Barbatia cancellaria (Lamarck, 1819)
Family Arcidae (Ark Clams)
The Red-brown Ark attaches to hard surfaces in shallow water, such as at the base of sea fans or under rocks, using a strong byssus produced by the foot. This is one of the most common species in the Florida Keys, and ranges from North Carolina to Brazil. Its hairy periostracum (the outer organic layer on the shell) is thick and fibrous, with extensions that often project beyond the shell margins. Ark Clams are well-known for their taxodont dentition — many small hinge teeth along a linear hinge plate along one inner edge of the shell — firmly aligning the shells together when they close. Hemoglobin is present in their blood in red blood cells unknown elsewhere in Mollusca. Arks are identifiable in the fossil record back to the Jurassic Period (200-150 million years ago). Some species are raised in aquaculture for human consumption in Asia .
Evolution on the Half Shell...
The Assembling the Tree of Life: Bivalvia project (BivAToL) is a part of the Assembling the Tree of Life initiative, a large research effort sponsored by the National Science Foundation. Its goal is to reconstruct the evolutionary origins of all living things.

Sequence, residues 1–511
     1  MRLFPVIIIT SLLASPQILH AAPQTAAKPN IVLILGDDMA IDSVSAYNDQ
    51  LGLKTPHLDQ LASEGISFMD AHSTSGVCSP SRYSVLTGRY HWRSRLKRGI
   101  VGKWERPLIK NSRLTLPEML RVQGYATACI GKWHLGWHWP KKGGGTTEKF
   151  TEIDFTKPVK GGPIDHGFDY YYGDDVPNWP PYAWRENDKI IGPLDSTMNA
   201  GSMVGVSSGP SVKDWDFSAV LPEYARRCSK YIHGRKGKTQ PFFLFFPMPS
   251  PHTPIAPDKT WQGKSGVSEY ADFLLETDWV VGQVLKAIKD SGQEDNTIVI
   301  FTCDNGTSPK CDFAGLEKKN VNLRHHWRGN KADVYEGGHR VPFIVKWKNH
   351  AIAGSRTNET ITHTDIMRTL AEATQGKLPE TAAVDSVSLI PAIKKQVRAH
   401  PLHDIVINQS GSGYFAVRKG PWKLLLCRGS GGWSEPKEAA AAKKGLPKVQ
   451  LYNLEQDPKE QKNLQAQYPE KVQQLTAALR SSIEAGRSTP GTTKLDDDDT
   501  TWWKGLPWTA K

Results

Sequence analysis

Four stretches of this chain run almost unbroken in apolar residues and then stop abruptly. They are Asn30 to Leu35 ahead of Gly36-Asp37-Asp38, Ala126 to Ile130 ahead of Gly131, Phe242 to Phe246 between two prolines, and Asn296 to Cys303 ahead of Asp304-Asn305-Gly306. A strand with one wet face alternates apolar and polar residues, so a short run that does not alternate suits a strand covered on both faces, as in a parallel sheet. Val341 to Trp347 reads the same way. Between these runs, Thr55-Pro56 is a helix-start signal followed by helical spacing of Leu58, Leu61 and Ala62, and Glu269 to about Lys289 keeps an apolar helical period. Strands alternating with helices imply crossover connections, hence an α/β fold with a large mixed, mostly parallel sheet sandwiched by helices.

Jetsam & Flotsam
Some of the BivATOL team met in early May at the Mote Marine Laboratory’s Tropical Research Station at Summerland Key, FL for a combined collecting trip and coding workshop. Both activities are essential to our project’s goal of determining the phylogenetic relationships among the bivalve families.
After collection, many of the species’ visible and molecular characteristics must be compared and “coded,” after which the phylogenetic computer analyses will be run to produce the final “tree” from which a hypothesis of relationships can be made. Below is an example of a portion of such a phylogenetic tree. Families that are on nearby branches are more closely related to each other than those further away.